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Bilateral mydriasis as first manifestation of Hodgkin’s lymphoma: a case report



Bilateral mydriasis is usually associated with severe brain stem damage or drug-induced sympathomimetic stimulation.

Herein we report it as a unique neurologic complication of Hodgkin’s lymphoma.

Case presentation

A 23-year-old woman presented at our emergency department with dilated pupils unresponsive to light stimuli. MRI and CT scans showed bilaterally enlarged lymph nodes in the mediastinum and supraclavicular compressing the carotid artery on both sides. The histologic examination of lymph node biopsy specimens confirmed the diagnosis of Hodgkin’s lymphoma.


Pathologies around the carotid artery causing oculosympathetic spasm should be considered among the possible causes of a mydriasis, especially when other common causes like brain stem impairment are excluded.

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Dilated and unreactive pupils are caused by parasympathetic paralysis or sympathetic stimulation. Reasons for a parasympathetic paralysis are often anticholinergic drugs like scopolamine or atropine [1] or oculomotor nerve palsy due to brain stem encephalitis, injury, ischemia or hemorrhage or local damage of the ciliary nerves [2].

Sympathetic stimulation can be a result of sympathomimetic drugs like cocaine or amphetamine [3].

Mydriasis as a result of impairment of the cervical sympathetic nerve chain is described in only very rare cases [4, 5] and has never been reported before as a neurologic complication of Hodgkin’s lymphoma.

Here, we present the case of a young woman with bilateral mydriasis as the first clinical manifestation of Hodgkin’s lymphoma and enlarged pericarotid lymph nodes causing oculosympathetic spasm.

Case presentation

A previously healthy 23-year-old woman presented with bilateral mydriasis (pupil diameter: left 6 mm, right 8 mm, both unresponsive to direct and indirect light stimuli) (Fig. 1). The mydriasis on the right side had occurred 6 weeks prior to admission and had persisted since. The mydriasis on the left side has been noticed by the patient on the day of admission. Further neurologic examination, including ocular motility, remained without any abnormalities.

Fig. 1
figure 1

Dilated pupils on admission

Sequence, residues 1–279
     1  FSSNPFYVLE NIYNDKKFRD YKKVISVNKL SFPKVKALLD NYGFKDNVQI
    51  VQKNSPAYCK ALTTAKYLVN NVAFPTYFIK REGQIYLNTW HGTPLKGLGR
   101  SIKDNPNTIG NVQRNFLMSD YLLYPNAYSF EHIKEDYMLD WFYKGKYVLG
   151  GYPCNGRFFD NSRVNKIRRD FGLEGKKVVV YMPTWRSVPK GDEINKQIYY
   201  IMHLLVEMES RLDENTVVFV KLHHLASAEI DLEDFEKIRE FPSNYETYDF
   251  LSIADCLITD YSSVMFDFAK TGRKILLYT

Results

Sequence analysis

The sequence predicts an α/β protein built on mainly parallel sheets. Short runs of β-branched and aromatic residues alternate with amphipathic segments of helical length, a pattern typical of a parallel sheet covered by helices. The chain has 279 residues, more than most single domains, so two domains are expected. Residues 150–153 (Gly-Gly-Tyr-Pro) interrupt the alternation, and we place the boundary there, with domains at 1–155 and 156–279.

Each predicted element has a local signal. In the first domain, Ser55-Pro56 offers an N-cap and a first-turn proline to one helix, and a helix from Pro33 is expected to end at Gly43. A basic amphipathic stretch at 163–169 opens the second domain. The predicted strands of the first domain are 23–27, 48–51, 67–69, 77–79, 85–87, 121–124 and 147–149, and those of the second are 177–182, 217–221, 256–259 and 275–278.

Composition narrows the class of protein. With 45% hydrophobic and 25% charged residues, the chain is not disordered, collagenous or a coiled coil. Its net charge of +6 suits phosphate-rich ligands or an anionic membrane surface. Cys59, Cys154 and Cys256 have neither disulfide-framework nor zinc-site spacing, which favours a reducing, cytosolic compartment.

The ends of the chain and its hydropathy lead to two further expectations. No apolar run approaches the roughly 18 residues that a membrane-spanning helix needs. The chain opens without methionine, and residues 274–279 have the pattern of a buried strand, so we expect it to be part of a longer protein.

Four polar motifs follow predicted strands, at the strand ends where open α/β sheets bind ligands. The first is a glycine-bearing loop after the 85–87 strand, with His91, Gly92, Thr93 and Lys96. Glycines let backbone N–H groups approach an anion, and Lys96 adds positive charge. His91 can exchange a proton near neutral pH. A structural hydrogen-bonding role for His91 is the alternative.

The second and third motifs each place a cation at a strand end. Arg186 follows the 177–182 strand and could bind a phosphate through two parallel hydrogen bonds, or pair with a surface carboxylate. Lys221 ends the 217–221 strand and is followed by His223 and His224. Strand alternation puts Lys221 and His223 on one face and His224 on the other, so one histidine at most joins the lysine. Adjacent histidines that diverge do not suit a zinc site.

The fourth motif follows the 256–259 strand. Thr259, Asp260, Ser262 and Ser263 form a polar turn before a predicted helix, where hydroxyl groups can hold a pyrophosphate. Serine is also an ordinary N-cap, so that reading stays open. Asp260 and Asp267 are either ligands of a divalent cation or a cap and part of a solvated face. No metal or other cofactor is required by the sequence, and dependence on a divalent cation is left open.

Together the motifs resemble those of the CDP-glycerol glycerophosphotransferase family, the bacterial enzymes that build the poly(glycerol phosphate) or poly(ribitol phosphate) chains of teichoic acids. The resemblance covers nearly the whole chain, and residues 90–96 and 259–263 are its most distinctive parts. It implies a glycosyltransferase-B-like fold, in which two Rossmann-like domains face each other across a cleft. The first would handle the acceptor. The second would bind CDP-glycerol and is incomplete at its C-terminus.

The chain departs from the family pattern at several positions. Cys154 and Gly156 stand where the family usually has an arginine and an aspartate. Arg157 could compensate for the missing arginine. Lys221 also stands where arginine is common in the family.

MRI scans of the brain 4 weeks prior to admission and on day of admission conducted with gadolinium contrast were unremarkable.

MRI scans of the cervical spine and chest 15 days prior to admission showed enlarged lymph nodes in the mediastinum and supraclavicular on both sides.

The result of histopathologic examination of a lymph node biopsy specimen showed classical Hodgkin’s lymphoma.

18F-FDG PET/CT performed for staging revealed further pathological lymph nodes on the left axillary, the right pelvic area and retroperitoneal. Mediastinal and cervical lymph nodes were found significantly enlarged compressing the carotid artery on both sides (Fig. 2).

Fig. 2
figure 2

Enlarged lymph nodes in close proximity to the the carotid artery on both sides

Cerebrospinal fluid (CSF) examination demonstrated a lymphocytic pleocytosis (10 cells/μl) with normal protein and glucose levels. Polymerase chain reaction (PCR) for herpes simplex virus (HSV) -1 and − 2 was positive with low genome concentration (< 500 genome copies/ml). Flow cytometric analysis of CSF leukocytes showed a normal cell distribution and no signs of meningeosis lymphomatosa.

Therefore, the patient was treated with 18 day acyclovir therapy and a chemotherapy with escalated BEACOPP (bleomycin, etoposide, doxorubicin, cyclophosphamide, vincristine, procarbazine, prednisone). After approximately four months and four cycles of escalated BEACOPP a new 18F-FDG PET/CT for follow-up assessment and restaging showed a complete remission. There was a slight improvement of the bilateral mydriasis.

Discussion and conclusions

We describe the case of a patient presenting with bilateral mydriasis and first diagnosis of Hodgkin’s lymphoma.